Table 2.3. rhnsd Options

Option Description
-f, --foreground
Run in foreground
-i, --interval=MINS
Connect to Red Hat Network every MINS minutes
-v, --verbose
Log all actions to syslog
-h, --help
Give this help list
-u, --usage
Give this help list
-V, --version
Print program version Updating From the Command Line
Like the website, command line use of the Red Hat Update Agent is affected by the limitations of UNIX package management. That said, most core functions can still be accomplished through the up2date command. The most significant difference is the absence of all options regarding source files. See Table 2.4, “Update Agent Command Line Arguments” for the precise list of options available for UNIX systems.
The command line version of the Red Hat Update Agent accepts the following arguments on UNIX systems:

Table 2.4. Update Agent Command Line Arguments

Argument Description
--version Show program version information.
-h, --help Show this help message and exit.
-v, --verbose Show additional output.
-l, --list List the latest versions of all packages installed.
-p, --packages Update packages associated with this System Profile.
--hardware Update this system's hardware profile on Red Hat Network.
--showall List all packages available for download.
--show-available List all the packages available that are not currently installed.
--show-orphans List all the packages currently installed that are not in channels the system is subscribed to.
--show-channels Show the channel names along with the package names where appropriate.
--installall Install all available packages. Use with --channel.
--channel=CHANNEL Specify which channels to update from using channel labels.
--get Fetch the package specified without resolving dependencies.

2.1.5. Remote Commands

With UNIX support, Red Hat Network offers the flexibility of issuing remote commands on client systems through the Satellite's website. This feature allows you to run virtually any (compatible) application or script on any system in your domain without ever having to open a terminal. Enabling Commands

With the flexibility this tool offers comes great risk and the responsibility to mitigate that risk. For all practical purposes, this feature grants a root BASH prompt to anyone with administrative access to the system on the website.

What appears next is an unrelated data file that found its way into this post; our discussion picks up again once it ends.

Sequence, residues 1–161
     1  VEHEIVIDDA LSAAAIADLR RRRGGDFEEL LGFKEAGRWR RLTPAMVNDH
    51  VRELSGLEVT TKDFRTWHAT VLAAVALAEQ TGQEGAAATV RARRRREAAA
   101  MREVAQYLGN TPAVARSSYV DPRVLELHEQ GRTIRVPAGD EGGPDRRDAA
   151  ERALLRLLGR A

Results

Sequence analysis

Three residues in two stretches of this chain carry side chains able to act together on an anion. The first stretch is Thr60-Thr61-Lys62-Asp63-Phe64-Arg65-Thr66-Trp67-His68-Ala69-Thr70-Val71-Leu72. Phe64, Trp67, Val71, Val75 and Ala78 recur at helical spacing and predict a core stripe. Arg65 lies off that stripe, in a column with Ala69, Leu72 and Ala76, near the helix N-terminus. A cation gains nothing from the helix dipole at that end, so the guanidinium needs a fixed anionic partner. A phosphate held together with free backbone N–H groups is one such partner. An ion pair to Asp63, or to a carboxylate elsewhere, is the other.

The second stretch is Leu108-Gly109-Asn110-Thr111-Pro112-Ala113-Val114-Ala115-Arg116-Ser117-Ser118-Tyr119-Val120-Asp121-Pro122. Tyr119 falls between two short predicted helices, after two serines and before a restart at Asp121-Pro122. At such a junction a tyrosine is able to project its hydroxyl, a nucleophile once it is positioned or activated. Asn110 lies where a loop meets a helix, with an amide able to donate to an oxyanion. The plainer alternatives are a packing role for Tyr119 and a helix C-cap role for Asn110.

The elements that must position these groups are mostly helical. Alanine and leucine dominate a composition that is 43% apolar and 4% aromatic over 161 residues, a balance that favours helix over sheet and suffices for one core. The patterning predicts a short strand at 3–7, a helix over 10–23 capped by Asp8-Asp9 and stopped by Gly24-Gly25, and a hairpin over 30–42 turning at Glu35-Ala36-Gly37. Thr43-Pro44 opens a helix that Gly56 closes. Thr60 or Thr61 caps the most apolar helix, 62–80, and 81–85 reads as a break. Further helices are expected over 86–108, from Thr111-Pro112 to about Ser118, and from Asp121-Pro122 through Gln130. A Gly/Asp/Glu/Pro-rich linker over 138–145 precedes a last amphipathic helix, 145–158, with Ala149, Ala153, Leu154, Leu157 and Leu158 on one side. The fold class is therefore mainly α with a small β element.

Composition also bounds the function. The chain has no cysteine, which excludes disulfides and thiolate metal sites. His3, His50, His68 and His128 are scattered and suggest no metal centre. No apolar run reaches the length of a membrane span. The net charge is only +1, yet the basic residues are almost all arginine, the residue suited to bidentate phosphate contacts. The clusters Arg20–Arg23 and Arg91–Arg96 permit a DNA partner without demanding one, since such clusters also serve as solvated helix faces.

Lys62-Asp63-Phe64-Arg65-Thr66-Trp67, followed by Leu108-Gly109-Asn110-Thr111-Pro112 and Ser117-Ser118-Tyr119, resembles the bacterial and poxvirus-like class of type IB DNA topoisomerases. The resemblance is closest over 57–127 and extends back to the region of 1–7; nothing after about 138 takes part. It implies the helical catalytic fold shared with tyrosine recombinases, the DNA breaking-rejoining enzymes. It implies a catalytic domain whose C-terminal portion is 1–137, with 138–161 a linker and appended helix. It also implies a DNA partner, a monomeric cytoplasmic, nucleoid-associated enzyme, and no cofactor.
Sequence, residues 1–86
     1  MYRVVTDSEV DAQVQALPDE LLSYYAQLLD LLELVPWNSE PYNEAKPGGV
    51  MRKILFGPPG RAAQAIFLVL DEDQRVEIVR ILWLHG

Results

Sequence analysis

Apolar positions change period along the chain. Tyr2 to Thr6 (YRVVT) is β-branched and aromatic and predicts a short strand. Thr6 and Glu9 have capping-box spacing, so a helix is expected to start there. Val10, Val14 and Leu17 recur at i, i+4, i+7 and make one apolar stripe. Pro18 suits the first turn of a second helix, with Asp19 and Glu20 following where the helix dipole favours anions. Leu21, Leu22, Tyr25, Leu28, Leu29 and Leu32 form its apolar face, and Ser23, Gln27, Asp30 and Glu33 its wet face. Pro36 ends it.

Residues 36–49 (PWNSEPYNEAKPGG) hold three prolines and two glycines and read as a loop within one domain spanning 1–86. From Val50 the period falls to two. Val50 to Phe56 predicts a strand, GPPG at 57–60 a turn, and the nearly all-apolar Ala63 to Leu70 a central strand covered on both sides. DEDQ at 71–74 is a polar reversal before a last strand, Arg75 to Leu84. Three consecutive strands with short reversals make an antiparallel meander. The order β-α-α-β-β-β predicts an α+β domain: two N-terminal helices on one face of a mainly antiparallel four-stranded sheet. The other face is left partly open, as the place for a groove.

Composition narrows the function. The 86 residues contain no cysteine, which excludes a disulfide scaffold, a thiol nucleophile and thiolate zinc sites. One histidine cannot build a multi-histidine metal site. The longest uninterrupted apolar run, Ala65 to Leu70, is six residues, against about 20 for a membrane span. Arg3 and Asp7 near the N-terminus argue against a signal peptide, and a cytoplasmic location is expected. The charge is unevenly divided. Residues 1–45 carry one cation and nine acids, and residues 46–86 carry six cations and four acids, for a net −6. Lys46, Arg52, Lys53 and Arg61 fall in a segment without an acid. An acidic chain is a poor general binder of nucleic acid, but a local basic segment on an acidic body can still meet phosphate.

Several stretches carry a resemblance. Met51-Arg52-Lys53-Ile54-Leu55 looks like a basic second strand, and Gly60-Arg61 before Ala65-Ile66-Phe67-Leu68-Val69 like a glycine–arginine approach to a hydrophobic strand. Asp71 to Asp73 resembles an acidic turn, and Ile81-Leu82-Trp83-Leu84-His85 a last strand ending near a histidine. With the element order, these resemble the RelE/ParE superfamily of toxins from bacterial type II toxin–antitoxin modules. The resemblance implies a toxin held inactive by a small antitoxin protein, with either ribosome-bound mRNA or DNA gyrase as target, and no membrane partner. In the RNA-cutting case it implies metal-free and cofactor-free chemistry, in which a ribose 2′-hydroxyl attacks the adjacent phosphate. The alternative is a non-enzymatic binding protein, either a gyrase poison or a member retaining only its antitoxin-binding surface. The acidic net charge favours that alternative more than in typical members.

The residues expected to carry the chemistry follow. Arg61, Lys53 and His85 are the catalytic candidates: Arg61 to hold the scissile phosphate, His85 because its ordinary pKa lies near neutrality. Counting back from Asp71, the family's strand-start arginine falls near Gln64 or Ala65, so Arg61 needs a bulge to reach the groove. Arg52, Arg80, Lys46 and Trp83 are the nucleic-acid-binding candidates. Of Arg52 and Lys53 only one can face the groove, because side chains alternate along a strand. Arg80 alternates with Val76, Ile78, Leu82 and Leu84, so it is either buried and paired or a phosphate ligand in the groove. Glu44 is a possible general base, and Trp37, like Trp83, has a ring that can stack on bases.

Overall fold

This can be controlled, however, through the same config-enable mechanism used to determine which systems can have their configuration files managed by Red Hat Network.
In short, you must create a directory and file on the UNIX system that tells Red Hat Network it is acceptable to run remote commands on the machine. The directory must be named script, the file must be named run, and both must be located in the /etc/sysconfig/rhn/allowed-actions/ directory specific to your UNIX variant.
For instance, in Solaris, issue this command to create the directory:
 mkdir -p /opt/redhat/rhn/solaris/etc/sysconfig/rhn/allowed-actions/script 
To create the requisite file in Solaris, issue this command:
 touch /opt/redhat/rhn/solaris/etc/sysconfig/rhn/allowed-actions/script/run Issuing Commands

You may schedule a remote command in a variety of ways: on an individual system, on multiple systems at once, and to accompany a package action.
To run a remote command on an individual system by itself, open the System Details page and click the Remote Command subtab. (Note that this subtab only appears if the system has a Provisioning entitlement.) On this page, establish the settings for the command. You may identify a specific user, group, and timeout period, as well as the script itself. Select a date and time to begin attempting the command, and click the Schedule Remote Command link.
Similarly, you may issue a remote command on multiple systems at once through the System Set Manager. Select the systems, go to the System Set Manager, click the Provisioning tab, and scroll down to the Remote Command section. From there you may run a remote command on the selected systems at once.
To run a remote command with a package action, schedule the action through the Packages tab of the System Details page and click Run Remote Command while confirming the action. Use the radio buttons at the top to determine whether the command should run before or after the package action, establish the settings for the command, and click Schedule Package Install/Upgrade.
Note that installing multiple packages that have different remote commands requires scheduling the installs separately or combining the commands into a single script.